London Labour and the London Poor, Volume 1

Mayhew, Henry


Of the Street-Sellers of Dolls.


The making of dolls, like that of many a thing required for a mere recreation, a toy, a pastime, is often carried on amidst squalor, wretchedness, or privation, or—to use the word I have frequently heard among the poor—"pinching." Of this matter, however, I shall have to treat when I proceed to consider the manufacture of and trade in dolls generally, not merely as respects street-sale.

Dolls are now so cheap, and so generally sold by open-air traders whose wares are of a miscellaneous character, as among the "swag-barrow" or "penny-a-piece" men of whom I have treated separately, that the sale of what are among the most ancient of all toys, as a "business of itself," is far smaller, numerically, than it was.

The dolls are most usually carried in baskets by street-sellers (who are not makers) and generally by women who are very poor. Here and there in the streets most frequented by the patrons of the open-air trade may be seen a handsome stall of dolls of all sizes and fashions, but these are generally the property of makers, although those makers may buy a portion of their stock. There are also smaller stalls which may present the stock of the mere seller.

The dolls for street traffic may be bought at the swag-shops or of the makers. For the little armless dolls the maker charges the street-seller , and to the swag-shop keeper who may buy largely, the dozen. Some little stalls are composed entirely of penny dolls; on others the prices run from to The chief trade, however, among the class I now describe, is carried on by the display of dolls in baskets. If the vendor can only attract the notice of children—and more especially in a private suburban residence, where children are not used to the sight of dolls on stalls or barrows, or in shops—and can shower a few blessings and compliments, "God be wid your bhutiful faces thin—and yours too, my lady, ma'am (with a curtsey to mistress or maid). Buy of these dolls of a poor woman: shure they're bhutiful dolls and shuted for them angels o' the worruld;" under such circumstances, I say, a sale is almost certain. I may add that the words I have given I myself heard a poor Irishwoman, whom I had seen before selling large pincushions in the same neighbourhood (that of the Regent's Park), address to a lady who was walking round her garden accompanied by children.

A vendor of dolls expresses an opinion that as long as ever there are children from years old to , there will always be purchasers of dolls; "but for all that," said he, "somehow or another 'tis nothing of a trade to what it used to be. I've seen the time when I could turn out in the morning and earn a pound afore night; but it's different now there's so many bazaars, and so many toy shops that the doll hawker hasn't half the chance he used to have. Sartinly we gets a chance now and then—fine days is the best—and if we can get into the squares or where the children walks with their nurses, we can do tidy; but the police are so very particular there's not much of a livelihood to be got. Spoiled children are our best customers. Whenever we sees a likely customer approaching—we, that is, those who know their business—always throw ourselves in the way, and spread out our dolls to the best advantage. If we hears young miss say have , and cries for it, we are almost sure of a customer, and if we see her kick and fight a bit with the nuss-maid we are sure of a good price. If a child we never baits our price. Most of the doll-sellers are the manufacturers of the dolls—that is, I mean, they puts 'em together. The heads are made in Hamburgh; the principal places for buying them in London are at Alfred Davis's, in ; White's, in ; and Joseph's, in . They are sold as thus:—The heads that we sell for each, when made up, cost us per gross, or per dozen; these are called —O's. No. — O's., are per gross, and No. —O's. per gross. yard and half of calico will make a dozen bodies, small size. These we get sewn for halfpence, and we stuffs and finishes them ourselves.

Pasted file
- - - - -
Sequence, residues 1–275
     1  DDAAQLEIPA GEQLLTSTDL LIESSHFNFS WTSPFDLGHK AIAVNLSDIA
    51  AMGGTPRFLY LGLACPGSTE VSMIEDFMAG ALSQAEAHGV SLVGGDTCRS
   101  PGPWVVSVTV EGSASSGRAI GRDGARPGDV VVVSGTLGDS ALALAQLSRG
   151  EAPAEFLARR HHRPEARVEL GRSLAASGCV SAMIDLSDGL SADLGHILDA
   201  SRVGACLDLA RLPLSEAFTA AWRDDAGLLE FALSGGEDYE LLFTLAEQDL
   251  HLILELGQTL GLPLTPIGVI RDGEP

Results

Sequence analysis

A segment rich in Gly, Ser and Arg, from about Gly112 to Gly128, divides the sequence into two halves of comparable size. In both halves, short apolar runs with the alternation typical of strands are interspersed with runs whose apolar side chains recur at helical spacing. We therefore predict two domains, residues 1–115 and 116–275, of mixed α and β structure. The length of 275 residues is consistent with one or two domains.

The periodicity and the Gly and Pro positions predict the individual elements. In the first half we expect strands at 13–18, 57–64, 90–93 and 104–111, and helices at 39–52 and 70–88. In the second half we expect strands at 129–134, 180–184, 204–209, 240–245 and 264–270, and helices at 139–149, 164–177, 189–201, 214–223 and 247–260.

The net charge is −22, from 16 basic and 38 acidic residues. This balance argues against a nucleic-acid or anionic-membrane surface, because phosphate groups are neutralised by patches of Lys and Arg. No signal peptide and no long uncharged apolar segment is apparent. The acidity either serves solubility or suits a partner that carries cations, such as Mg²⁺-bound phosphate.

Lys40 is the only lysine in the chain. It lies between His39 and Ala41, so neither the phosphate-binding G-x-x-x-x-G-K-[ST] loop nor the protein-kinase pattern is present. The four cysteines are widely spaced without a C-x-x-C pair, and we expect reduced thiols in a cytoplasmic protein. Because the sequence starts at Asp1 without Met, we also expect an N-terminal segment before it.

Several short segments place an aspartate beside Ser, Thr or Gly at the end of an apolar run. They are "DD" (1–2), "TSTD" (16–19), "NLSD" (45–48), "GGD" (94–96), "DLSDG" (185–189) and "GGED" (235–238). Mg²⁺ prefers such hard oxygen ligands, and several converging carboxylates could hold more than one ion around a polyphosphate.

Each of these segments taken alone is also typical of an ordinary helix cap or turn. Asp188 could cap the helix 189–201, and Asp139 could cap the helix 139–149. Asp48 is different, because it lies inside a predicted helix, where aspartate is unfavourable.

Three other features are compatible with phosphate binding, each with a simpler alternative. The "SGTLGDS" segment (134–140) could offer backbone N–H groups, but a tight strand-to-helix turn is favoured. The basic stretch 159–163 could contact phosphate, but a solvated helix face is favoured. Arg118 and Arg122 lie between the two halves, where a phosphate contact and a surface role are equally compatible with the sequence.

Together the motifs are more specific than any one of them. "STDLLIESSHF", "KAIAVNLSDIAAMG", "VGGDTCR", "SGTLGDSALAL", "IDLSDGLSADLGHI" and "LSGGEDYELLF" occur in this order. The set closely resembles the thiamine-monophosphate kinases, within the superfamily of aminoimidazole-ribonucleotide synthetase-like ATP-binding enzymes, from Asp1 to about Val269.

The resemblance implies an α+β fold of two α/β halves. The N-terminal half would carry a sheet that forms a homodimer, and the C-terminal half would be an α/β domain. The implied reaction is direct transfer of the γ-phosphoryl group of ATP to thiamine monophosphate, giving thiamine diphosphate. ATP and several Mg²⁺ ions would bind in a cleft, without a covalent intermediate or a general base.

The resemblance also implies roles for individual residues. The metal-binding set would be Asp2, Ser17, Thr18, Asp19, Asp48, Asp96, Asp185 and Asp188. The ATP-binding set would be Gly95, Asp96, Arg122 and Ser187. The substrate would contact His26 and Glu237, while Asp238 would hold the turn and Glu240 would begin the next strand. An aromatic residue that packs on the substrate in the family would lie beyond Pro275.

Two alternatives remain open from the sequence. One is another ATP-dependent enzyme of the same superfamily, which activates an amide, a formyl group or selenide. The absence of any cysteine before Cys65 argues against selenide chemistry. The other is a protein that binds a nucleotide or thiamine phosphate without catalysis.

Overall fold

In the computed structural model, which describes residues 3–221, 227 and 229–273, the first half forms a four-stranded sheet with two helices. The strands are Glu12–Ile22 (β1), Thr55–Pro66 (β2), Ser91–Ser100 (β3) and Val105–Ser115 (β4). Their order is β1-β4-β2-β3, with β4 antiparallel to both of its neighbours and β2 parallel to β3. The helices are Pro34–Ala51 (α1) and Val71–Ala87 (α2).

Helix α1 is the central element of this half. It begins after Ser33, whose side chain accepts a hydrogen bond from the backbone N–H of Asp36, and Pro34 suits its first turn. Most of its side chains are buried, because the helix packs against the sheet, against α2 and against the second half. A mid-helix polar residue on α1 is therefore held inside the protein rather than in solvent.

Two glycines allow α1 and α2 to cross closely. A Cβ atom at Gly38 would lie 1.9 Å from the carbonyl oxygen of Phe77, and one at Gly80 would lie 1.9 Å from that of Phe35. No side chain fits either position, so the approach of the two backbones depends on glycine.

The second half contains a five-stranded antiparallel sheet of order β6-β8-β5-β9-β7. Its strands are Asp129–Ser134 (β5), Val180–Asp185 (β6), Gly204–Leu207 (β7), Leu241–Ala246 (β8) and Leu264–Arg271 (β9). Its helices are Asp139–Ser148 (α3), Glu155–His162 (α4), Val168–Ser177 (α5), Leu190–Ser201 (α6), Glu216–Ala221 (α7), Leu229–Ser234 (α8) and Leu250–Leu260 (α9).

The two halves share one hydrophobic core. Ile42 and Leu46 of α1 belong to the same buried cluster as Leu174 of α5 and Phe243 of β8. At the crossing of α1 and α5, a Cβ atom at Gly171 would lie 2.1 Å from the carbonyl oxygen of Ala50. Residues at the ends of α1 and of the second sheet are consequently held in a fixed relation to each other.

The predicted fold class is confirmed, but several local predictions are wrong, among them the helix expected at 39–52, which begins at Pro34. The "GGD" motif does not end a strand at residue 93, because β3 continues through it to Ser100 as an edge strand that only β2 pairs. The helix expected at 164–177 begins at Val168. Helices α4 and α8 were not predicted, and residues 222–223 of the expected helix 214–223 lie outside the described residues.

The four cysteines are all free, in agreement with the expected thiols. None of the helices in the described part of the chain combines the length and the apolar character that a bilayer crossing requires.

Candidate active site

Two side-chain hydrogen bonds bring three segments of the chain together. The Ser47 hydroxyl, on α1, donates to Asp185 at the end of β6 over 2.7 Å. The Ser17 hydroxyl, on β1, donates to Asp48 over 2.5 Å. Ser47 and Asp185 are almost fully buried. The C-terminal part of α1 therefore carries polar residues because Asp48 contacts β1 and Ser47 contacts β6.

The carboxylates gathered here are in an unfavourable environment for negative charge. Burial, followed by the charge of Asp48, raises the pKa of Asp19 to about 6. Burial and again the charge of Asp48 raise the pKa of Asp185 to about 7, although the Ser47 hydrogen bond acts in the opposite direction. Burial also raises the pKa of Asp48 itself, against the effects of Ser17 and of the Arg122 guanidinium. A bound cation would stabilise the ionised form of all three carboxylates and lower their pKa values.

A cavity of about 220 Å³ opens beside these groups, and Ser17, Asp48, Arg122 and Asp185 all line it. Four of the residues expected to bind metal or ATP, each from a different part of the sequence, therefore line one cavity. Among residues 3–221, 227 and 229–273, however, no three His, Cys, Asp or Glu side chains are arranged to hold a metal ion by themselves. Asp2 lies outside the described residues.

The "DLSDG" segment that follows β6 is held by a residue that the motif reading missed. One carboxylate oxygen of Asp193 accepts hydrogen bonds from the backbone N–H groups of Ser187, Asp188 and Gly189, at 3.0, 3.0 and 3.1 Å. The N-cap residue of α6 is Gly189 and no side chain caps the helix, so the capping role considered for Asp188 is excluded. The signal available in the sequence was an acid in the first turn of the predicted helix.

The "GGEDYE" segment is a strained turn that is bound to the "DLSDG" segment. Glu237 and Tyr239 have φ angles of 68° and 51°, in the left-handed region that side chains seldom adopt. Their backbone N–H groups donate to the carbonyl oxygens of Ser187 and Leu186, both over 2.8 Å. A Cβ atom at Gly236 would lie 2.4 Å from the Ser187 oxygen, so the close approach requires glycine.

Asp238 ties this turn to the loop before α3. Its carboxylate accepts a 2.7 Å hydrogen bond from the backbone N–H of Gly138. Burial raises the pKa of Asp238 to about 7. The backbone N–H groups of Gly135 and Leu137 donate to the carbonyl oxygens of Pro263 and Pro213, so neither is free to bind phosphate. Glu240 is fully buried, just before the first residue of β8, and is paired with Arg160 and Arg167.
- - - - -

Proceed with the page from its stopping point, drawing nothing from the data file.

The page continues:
When our 3d. dolls are made up, they cost about 1s. per dozen—so there is 2d. profit on every doll, which I thinks is little enough; but we often sells 'em at 2d.; we lays 'em out to the best advantage in a deep basket, all standing up, as it were, or leaning against the sides of the basket. The legs and bodies is carefully wrapped in tissue paper, not exactly to preserve the lower part of the doll, for that isn't so very valuable, but in reality to conceal the legs and body, which is rather the reverse of symmetrical; for, to tell the truth, every doll looks as if it were labouring under an attack of the gout. There are, however, some very neat articles exported from Germany, especially the jointed dolls, but they are too dear for the street-hawker, and would not show to such advantage. There is also the plaster dolls, with the match legs. I wonder how they keep their stand, for they are very old-fashioned; but they sell, for you never see a chandler's shop window without seeing one of these sticking in it, and a falling down as if it was drunk. Then there's the wax dolls. Some of 'em are made of wax, and others of 'pappy mashy,' and afterwards dipped in wax. The cheapest and best mart for these is in Barbi- can; it would astonish many if they knew exactly what was laid out in the course of a year in dolls. It would be impossible, I think, to ascertain exactly; but I think I could guess something near the mark. There are, at least, at this time of year, when the fairs are coming on, fifty dollhawkers, who sell nothing else. Say each of these sells one dozen dolls per day, and that their average price is 4d. each. That is just 10l. a day, and 60l. per week. In the winter time so many are not sold; but I have no doubt that 50l.'s worth of dolls are sold each week throughout the year by London hawkers alone, or just upon 3000l. per annum. The shops sell as many as the hawkers, and the stalls attending fairs half the amount; and you may safely say that the sum taken for dolls in and around London in one year amounts to 7500l. A doll-merchant can begin business with a trifle," continued my informant; "a shilling will obtain a dozen 3d. dolls. If you have no basket, carry them in your arms, although they don't show off to such advantage there as they do when nicely basketed; however, if you've luck, you may soon raise a basket; for 3s. 6d. you can get a very nice one; and although the doll trade is not what it used to be, there are," said my informant, "worse games than that yet, I know. One man, who is now in a very respectable way of business —'a regular gentleman'—was a very few years ago only a doll-hawker. Another man, who had two hands and only one arm—poor fellow! he was born with one arm, and had two hands, one appended to his arm in the usual way, and the other attached to his shoulder—a freak of nature, I think, they called it. However, my one-armed friend keeps now a very respectable little swagshop at North Shields, in Northumberland.